1
$\begingroup$

Suppose we have an infinite fluid surrounding a ball. I want to solve the following PDE, which describes the heat diffusion in the fluid (simplifications have been made): $$\partial_t\theta=\alpha\Delta\theta$$ with boundary conditions $\theta(r=R,t)=0$ and $\lim_{r\to\infty}\theta(r,t)=0$, and initial condition $\theta(r,t=0)=f(r)$. Using separation of variables $\theta(r,t)=F(r)G(t)$. So for $G$ I obtain the ODE $$ G'+\alpha\lambda^2 G=0 $$ which integrates into $G(t)=A\exp\left(-\alpha\lambda^2 t\right)$, where $-\lambda^2$ is the separation constant. Now for $F(r)$ I obtain the ODE $$ F''+\frac{2}{r}F'+\lambda^2 F=0 $$ which integrates into $F(r)=B\frac{\sin(\lambda r)}{r}+C\frac{\cos(\lambda r)}{r}$. So the second boundary condition is automatically satisfied, and the first one yields $$ B\sin(\lambda R)+C\cos(\lambda R)=0. $$ But I don't know how to go further. If I put $B=C=0$, then I obtain the trivial solution, which isn't feasible. I could put $B=0$ and $C\neq 0$, or $B\neq0$ and $C=0$, but then the corresponding values of $\lambda$ would yield two different solutions. Finally if I keep both $B\neq 0$ and $C\neq 0$ then I obtain $D\tan(\lambda R)=1$ where $D=-\frac{C}{B}$, from where I cannot go further.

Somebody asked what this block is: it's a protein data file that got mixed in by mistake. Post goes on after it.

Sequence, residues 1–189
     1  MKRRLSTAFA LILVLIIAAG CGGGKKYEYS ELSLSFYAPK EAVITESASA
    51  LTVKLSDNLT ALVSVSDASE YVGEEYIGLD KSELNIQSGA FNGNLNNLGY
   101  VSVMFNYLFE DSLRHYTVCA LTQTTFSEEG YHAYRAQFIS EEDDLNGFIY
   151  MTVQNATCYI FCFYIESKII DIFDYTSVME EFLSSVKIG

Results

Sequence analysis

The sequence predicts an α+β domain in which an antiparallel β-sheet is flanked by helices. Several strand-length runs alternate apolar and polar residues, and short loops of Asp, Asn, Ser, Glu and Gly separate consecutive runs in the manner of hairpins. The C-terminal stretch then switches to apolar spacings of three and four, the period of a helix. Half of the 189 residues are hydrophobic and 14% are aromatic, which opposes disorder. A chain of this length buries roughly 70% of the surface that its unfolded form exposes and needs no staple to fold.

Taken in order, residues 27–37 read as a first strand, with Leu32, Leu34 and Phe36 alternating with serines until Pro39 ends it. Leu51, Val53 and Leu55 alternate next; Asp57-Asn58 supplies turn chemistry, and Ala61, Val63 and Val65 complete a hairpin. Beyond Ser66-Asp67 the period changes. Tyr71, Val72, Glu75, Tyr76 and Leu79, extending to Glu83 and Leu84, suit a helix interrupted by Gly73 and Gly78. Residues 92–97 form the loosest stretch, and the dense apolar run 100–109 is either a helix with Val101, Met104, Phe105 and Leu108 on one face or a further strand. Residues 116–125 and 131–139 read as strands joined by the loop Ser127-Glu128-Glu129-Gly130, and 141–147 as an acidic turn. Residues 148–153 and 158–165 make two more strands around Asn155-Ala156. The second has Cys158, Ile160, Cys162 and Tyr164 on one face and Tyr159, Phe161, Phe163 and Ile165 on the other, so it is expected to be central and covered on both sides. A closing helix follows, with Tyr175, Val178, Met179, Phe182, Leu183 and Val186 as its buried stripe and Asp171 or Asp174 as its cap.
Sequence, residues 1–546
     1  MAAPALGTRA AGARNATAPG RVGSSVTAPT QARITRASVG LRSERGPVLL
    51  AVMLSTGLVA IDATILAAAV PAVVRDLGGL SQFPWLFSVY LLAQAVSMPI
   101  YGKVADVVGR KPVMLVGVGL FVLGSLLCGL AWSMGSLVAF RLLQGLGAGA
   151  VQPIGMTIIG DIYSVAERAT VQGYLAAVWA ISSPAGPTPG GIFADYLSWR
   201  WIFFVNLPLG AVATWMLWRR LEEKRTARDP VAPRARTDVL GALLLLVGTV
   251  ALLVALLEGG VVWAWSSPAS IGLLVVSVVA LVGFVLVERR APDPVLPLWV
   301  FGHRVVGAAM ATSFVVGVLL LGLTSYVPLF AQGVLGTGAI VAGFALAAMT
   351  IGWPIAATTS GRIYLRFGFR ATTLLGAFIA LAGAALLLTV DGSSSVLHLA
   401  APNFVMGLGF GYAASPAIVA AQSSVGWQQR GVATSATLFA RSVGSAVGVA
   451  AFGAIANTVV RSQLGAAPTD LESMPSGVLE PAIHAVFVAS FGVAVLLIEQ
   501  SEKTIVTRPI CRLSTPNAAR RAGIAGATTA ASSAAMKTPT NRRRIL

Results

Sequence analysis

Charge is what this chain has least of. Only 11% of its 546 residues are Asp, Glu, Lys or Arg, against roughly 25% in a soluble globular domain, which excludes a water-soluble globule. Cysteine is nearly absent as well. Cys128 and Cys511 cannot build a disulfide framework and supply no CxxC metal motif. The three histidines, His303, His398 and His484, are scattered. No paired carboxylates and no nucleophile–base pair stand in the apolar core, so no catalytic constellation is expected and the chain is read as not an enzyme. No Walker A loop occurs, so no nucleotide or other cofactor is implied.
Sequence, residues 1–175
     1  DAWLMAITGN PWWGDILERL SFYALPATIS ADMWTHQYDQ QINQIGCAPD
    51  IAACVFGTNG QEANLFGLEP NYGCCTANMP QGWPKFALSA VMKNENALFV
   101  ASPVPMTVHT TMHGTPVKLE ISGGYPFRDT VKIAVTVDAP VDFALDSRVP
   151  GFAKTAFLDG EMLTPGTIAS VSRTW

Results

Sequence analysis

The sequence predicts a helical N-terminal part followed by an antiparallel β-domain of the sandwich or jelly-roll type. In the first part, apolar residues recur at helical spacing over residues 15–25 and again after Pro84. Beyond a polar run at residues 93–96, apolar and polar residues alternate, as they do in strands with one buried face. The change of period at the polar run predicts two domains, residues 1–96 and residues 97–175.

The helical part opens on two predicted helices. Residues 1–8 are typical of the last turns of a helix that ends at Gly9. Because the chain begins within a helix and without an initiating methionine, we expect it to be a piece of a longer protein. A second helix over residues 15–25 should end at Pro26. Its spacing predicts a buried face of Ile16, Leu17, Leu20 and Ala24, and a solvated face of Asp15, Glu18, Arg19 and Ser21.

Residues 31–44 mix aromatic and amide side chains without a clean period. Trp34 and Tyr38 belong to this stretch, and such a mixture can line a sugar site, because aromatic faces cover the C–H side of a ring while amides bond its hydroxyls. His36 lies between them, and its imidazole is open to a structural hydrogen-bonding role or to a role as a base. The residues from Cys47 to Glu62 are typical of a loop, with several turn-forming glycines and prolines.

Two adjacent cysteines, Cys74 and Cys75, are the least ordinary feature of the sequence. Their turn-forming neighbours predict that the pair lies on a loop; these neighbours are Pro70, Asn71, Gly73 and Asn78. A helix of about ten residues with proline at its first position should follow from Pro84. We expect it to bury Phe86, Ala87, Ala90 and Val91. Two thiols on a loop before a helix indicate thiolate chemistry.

Thanks for any help, or any textbook that deals with that kind of problem.

$\endgroup$
  • $\begingroup$ Are you sure you want $r\to \infty$ and not $t\to\infty$? Moreover, are you assuming radial symmetry to get to such simplification? $\endgroup$ – b00n heT Feb 2 '17 at 11:01
  • $\begingroup$ @b00nheT: Yes I want $r\to\infty$ and I can assume radial symmetry, essentially because the boundary/initial conditions don't make use of the other variables $\theta$ and $\varphi$. $\endgroup$ – xuanphong Feb 2 '17 at 11:12
1
$\begingroup$

The $r$ solution would be $$ \frac{\sin(\lambda(r-R))}{r}=\cos(\lambda R)\frac{\sin(\lambda r)}{r}-\sin(\lambda R)\frac{\cos(\lambda r)}{r}. $$ So the heat equation solution is $$ \int_{0}^{\infty}e^{-\alpha\lambda^2 t}c(\lambda)\frac{\sin(\lambda(r-R))}{r}d\lambda, $$ where $c(\lambda)$ is a coefficient function determined by the initial condition $$ rf(r)=\int_{0}^{\infty}c(\lambda)\sin(\lambda(r-R))d\lambda \\ (r+R)f(r+R) = \int_{0}^{\infty}c(\lambda)\sin(\lambda r)d\lambda. $$ The coefficient function is then determined by the inverse Fourier sine transform: $$ c(\lambda) = \frac{2}{\pi}\int_{0}^{\infty}(s+R)f(s+R)\sin(\lambda s)ds $$

$\endgroup$

Your Answer

By clicking “Post Your Answer”, you agree to our terms of service, privacy policy and cookie policy

Not the answer you're looking for? Browse other questions tagged or ask your own question.